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Indoaustralian And Euroaustralian Parental Values by Joyce Martin, PhD
Knowing that a relationship exists between cultures and education is a prerequisite to effective teaching. (Baruth & Manning, 1992)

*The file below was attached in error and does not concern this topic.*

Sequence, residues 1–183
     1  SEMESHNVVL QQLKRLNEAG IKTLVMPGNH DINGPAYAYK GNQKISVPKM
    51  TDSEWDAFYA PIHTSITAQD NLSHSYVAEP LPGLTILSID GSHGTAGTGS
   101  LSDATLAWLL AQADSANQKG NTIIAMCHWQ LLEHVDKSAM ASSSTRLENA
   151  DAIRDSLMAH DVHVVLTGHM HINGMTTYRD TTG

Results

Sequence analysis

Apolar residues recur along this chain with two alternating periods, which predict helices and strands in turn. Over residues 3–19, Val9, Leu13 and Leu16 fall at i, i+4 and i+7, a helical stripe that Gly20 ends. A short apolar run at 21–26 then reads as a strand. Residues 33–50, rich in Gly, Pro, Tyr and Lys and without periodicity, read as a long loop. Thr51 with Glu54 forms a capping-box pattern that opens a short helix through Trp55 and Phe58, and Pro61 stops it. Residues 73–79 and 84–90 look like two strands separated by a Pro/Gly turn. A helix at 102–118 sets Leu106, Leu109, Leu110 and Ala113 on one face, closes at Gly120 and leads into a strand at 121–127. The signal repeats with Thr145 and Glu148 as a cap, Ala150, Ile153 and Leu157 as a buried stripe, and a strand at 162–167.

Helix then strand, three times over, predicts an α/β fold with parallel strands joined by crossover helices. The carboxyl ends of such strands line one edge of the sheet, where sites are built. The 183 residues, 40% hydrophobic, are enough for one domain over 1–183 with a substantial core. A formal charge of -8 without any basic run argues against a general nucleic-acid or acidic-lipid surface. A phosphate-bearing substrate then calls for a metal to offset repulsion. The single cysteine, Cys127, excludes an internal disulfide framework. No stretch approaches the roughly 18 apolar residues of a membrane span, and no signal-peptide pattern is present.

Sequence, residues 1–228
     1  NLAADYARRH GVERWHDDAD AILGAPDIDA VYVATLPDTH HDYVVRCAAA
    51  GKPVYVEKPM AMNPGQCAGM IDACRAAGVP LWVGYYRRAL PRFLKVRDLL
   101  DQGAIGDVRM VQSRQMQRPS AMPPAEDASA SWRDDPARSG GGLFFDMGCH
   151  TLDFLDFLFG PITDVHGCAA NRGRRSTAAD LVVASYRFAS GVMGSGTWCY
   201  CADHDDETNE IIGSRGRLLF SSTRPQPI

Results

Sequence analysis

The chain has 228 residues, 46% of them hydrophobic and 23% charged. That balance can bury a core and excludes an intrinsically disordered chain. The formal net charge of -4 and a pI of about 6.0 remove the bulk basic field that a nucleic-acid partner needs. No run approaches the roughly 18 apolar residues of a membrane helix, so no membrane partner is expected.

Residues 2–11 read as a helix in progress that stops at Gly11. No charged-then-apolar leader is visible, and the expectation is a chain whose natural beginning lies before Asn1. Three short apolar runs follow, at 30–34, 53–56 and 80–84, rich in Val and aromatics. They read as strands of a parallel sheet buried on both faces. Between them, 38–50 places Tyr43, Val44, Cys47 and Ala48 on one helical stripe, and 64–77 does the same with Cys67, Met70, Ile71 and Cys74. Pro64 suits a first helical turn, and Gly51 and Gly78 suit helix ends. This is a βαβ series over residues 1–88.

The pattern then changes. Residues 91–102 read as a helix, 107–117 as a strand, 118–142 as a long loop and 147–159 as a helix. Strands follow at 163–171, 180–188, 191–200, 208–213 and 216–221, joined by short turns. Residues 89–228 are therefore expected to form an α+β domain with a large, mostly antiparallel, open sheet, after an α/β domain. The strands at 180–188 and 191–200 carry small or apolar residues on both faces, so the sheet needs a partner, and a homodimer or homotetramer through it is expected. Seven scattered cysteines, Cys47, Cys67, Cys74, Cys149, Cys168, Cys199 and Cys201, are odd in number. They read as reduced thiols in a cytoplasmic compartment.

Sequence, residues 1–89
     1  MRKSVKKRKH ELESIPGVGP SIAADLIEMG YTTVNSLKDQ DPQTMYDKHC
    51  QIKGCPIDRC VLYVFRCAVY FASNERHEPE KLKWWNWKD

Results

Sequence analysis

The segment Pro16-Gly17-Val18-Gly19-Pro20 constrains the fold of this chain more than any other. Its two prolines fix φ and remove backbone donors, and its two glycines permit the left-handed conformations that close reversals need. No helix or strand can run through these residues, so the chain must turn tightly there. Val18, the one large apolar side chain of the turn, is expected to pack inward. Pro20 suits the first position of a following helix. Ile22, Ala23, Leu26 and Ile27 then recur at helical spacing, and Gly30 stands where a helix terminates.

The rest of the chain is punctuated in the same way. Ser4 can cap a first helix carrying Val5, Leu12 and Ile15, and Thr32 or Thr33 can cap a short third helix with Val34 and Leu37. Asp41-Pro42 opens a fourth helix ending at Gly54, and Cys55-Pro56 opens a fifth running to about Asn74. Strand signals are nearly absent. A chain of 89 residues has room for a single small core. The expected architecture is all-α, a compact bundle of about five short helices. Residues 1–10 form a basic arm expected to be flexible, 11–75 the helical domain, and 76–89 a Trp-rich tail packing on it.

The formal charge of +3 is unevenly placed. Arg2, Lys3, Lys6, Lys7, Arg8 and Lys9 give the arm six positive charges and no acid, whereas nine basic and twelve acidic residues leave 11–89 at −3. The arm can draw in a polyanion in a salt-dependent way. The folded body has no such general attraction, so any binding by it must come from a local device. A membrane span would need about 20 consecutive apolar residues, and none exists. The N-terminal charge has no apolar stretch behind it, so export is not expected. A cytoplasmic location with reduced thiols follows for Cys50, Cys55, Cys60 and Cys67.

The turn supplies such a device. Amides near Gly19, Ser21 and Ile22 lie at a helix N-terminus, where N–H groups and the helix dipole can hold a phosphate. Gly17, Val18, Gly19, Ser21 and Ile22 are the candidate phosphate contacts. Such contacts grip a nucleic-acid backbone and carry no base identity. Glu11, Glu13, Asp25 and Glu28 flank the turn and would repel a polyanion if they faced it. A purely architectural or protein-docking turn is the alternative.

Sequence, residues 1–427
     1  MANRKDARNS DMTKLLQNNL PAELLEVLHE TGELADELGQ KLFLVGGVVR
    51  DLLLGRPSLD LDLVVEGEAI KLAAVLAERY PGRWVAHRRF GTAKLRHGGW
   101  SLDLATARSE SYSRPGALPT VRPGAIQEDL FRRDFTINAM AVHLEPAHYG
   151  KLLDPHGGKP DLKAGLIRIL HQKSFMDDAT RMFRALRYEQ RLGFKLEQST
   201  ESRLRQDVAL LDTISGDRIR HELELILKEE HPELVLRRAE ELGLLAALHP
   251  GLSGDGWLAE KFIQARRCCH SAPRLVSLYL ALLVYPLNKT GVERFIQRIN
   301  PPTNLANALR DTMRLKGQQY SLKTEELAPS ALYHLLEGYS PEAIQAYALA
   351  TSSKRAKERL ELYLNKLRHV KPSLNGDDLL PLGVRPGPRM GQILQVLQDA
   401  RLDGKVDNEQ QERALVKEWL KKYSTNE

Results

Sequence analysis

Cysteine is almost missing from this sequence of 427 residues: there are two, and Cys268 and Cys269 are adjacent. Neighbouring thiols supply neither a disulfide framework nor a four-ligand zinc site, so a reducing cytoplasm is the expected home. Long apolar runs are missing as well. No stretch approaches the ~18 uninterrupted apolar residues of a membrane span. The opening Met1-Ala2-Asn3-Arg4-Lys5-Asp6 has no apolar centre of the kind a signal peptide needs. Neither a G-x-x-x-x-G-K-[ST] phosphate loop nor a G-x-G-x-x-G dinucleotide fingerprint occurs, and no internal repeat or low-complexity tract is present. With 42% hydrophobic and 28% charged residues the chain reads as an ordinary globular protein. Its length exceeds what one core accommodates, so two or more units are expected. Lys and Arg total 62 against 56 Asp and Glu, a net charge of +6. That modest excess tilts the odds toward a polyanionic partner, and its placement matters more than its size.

People from the Indian subcontinent have emerged as the fastest growing group of migrants to Australia and are now the third largest immigrant group (Mercer, 2006). While the skills these migrants bring are vital to the continued economic wellbeing of Australia (National Skills Forum, 2005; Bell, 2006). As a result the Australian government has launched a series of overseas expo¡¯s to attract more professional and skilled migrants (Australian Government Department of Immigration and Citizenship). Despite the locally recognised need for such migrants, we are increasingly in competition with countries such as Britain, the United States, Canada, continental Europe, East Asia and traditional destinations such as South-East Asia (Khadria, 2001, Mercer, 2006). To remain economically competitive Australia must continue to not only to attract these professional and skilled people but we must currently find ways to retain these migrants who have so many attractive options including returning to India during a period of unprecedented booming economic growth. This return would not only be to a place where their skills will be recognised and their values respected but also to a society where their values are congruent with the educational beliefs and practices.